Understanding the micro-practices of accountability and governance in health systems

How can the decision-making practices of frontline leaders and managers, and accountability mechanisms, be strengthened to support health systems' responsiveness


Front-line health managers play a critical role in health systems governance, policy implementation and in accountability processes. However, their decision-making practices are dynamic and complex, and it is difficult to observe and to disentangle the effects of governance issues from other health system dimensions.

As a consequence, conducting research on governance faces significant challenges. One way of overcoming these challenges is for researchers to work directly with health managers to define research questions, identify appropriate methodologies and generate shared knowledge.

This is known as action learning research, and is the approach being used by RESYST at learning sites in Kenya and South Africa to better understand district-level governance issues.


In Kenya, learning sites have been established among District Health Management Teams in rural Malindi and Kaloleni districts in Kilifi County. Researchers have been conducting interviews and observations at national, county, sub-county and facility level to understand the implications for health delivery and management of ongoing devolution to 47 semi- autonomous counties. The Kilifi learning site was established in 2013.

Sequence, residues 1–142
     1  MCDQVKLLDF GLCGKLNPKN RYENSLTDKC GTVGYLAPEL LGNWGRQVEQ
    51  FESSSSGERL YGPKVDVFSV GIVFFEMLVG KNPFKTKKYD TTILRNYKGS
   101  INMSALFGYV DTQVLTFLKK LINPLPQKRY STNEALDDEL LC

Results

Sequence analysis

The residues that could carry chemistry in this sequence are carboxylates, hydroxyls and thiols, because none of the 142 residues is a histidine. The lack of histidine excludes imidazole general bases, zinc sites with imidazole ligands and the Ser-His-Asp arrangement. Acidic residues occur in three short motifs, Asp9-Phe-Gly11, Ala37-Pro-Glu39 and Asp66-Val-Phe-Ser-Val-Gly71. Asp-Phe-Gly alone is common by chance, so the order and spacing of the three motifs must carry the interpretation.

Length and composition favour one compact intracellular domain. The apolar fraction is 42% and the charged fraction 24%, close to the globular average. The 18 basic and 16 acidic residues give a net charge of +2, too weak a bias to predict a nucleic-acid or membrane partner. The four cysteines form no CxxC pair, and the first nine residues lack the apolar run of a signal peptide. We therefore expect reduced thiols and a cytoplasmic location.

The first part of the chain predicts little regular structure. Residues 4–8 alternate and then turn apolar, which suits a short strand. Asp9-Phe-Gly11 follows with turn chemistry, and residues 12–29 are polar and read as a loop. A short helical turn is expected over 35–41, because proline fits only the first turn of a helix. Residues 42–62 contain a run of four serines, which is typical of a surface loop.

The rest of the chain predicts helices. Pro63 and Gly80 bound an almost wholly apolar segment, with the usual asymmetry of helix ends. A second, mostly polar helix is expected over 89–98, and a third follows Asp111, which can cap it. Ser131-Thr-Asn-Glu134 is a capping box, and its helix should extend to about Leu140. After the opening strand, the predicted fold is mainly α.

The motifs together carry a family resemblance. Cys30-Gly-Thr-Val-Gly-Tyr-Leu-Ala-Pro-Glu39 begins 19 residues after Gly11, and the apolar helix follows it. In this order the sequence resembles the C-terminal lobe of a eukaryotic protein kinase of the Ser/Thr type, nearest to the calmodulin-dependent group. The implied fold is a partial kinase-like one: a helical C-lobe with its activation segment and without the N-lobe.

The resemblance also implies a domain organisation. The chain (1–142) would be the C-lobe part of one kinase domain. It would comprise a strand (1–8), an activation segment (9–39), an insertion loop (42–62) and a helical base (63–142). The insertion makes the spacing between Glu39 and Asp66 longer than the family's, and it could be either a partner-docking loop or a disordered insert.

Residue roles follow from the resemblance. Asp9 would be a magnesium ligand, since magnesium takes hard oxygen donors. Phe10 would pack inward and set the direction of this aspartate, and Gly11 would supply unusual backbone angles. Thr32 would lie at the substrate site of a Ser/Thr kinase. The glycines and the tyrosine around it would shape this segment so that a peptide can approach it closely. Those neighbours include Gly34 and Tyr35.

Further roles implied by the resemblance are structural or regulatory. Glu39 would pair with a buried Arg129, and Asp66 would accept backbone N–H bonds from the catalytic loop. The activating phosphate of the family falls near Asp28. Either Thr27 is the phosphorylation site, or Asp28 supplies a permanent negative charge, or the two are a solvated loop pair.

Kenya summary

South Africa

Since 2014 there are two additional RESYST learning sites in South Africa (Sedibeng District in Gauteng Province and Mitchells Plain sub-district in Western Cape). Work in the Mitchells Plain learning site builds on the collaborative research activities of the DIAHLS project which have focussed on strengthening leadership and governance to support improvements in primary health care.


In addition to the learning sites, a related study in Nigeria will develop guidelines for accountability in the implementation of the Nigerian Primary Health Care (PHC) Fund. An initial review of relevant documentation was undertaken in 2013 and empirical work began in 2014.

Nigeria summary